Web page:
Religious order (Catholic)

In the Catholic Church, a religious order is a community of consecrated life with members that profess solemn vows. They are classed as a type of religious institute.[1]

Saint Francis of Assisi, founder of the mendicant Order of Friars Minor, as painted by El Greco.

Subcategories of religious orders are canons regular (canons and canonesses regular who recite the Divine Office and serve a church and perhaps a parish); monastics (monks or nuns living and working in a monastery and reciting the Divine Office); mendicants (friars or religious sisters who live from alms, recite the Divine Office, and, in the case of the men, participate in apostolic activities); and clerics regular (priests who take religious vows and have a very active apostolic life).

Original Catholic religious orders of the Middle Ages include the Order of Saint Benedict. In particular the earliest orders include the English Benedictine Congregation (1216) and Benedictine communities connected to Cluny Abbey, the Benedictine reform movement of Cistercians, and the Norbertine Order of Premonstratensians (1221). These orders were confederations of independent abbeys and priories, who were unified through a leadership structure connected to permanent establishments.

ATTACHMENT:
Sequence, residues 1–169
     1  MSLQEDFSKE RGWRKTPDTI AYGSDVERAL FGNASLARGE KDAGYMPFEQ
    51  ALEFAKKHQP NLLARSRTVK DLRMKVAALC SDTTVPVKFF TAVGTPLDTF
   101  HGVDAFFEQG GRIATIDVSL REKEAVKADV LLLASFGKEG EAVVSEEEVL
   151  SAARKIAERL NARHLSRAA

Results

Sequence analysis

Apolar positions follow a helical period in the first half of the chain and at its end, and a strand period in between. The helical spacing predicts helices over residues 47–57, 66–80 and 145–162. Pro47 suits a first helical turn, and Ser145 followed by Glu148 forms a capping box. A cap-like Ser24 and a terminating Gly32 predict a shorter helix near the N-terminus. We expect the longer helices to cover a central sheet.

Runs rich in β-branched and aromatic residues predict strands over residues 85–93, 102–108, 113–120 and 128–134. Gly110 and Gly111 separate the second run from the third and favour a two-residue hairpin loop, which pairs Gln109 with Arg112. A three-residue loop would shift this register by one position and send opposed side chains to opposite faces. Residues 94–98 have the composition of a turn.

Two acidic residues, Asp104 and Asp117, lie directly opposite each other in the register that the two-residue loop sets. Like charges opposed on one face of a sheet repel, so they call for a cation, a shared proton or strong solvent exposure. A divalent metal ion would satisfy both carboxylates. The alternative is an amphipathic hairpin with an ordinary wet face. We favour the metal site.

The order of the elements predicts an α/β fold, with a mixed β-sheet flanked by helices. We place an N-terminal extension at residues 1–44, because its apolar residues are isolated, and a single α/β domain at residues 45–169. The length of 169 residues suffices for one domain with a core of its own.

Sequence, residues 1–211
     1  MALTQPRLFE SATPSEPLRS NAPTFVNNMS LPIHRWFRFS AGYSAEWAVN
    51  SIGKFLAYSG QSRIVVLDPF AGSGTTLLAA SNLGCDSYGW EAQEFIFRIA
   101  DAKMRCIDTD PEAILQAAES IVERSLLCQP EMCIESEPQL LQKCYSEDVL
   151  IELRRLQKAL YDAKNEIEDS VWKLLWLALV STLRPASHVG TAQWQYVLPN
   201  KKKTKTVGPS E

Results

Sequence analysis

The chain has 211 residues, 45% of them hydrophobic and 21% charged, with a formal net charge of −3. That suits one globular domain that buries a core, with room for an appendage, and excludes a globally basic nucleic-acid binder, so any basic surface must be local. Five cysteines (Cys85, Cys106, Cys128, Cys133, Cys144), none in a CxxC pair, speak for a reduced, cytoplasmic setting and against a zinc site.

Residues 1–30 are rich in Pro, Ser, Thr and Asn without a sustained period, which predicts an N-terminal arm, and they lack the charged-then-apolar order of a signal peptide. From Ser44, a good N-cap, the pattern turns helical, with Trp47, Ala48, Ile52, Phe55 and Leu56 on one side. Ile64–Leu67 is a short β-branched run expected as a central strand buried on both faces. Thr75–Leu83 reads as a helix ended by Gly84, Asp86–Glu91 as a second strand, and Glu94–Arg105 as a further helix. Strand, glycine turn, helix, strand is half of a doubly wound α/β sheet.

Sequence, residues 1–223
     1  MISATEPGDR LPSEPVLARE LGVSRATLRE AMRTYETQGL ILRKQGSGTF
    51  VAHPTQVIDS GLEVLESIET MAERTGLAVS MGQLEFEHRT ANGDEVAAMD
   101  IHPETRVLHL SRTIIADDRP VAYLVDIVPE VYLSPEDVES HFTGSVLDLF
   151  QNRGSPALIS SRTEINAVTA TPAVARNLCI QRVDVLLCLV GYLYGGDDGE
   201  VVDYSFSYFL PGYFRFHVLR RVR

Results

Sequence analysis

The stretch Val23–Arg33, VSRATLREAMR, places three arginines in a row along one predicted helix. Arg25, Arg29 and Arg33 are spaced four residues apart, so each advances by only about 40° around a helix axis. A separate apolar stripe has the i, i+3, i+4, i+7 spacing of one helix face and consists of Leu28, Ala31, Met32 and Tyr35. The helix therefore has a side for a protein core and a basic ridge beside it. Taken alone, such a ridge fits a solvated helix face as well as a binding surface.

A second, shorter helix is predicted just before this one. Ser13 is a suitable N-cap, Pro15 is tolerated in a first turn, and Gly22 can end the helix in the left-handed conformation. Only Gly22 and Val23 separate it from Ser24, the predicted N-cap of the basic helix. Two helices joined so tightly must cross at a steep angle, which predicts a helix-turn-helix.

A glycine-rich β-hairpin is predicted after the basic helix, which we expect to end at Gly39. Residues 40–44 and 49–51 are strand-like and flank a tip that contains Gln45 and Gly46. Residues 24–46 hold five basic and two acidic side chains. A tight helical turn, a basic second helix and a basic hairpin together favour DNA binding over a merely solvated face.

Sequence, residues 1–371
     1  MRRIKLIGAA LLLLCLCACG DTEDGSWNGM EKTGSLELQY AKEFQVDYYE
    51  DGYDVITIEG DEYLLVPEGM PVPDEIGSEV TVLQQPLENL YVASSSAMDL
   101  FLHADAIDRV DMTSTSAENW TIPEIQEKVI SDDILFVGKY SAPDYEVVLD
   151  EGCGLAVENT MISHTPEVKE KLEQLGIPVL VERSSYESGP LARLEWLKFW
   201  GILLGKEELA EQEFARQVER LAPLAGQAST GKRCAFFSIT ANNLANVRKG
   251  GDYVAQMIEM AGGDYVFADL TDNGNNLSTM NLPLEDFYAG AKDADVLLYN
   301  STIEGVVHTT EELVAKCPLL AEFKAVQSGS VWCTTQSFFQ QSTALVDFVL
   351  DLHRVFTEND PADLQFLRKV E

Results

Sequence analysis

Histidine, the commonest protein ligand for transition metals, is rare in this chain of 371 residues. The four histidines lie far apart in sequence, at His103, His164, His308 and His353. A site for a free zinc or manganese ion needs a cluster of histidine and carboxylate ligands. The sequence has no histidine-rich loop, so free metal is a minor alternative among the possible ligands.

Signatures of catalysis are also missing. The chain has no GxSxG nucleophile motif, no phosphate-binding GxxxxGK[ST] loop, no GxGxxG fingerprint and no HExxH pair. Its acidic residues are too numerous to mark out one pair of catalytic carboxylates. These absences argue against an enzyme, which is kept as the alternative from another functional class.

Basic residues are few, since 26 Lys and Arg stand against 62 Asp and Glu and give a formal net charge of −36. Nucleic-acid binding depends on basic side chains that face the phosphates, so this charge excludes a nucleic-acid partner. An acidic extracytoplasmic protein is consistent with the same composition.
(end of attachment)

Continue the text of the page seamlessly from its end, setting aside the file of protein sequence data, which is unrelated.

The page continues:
A century later, mendicant groups like the Carmelites, the Order of Friars Minor, the Dominican Order, the Order of the Most Holy Trinity and the Order of Saint Augustine formed their Orders. As such, also the Teutonic Order may qualify, as today it is mainly monastic. These Mendicant Orders did not hold property for their Religious Communities, instead begging for alms and going where they were needed. Their leadership structure included each member, as opposed to each Abbey or House, as subject to their direct superior.

In the past, what distinguished religious orders from other institutes was the classification of the vows that the members took in religious profession as solemn vows. According to this criterion, the last religious order founded was that of the Bethlehem Brothers in 1673.[2] Nevertheless, in the course of the 20th century, some religious institutes outside the category of orders obtained permission to make solemn vows, at least of poverty, thus blurring the distinction.[citation needed]


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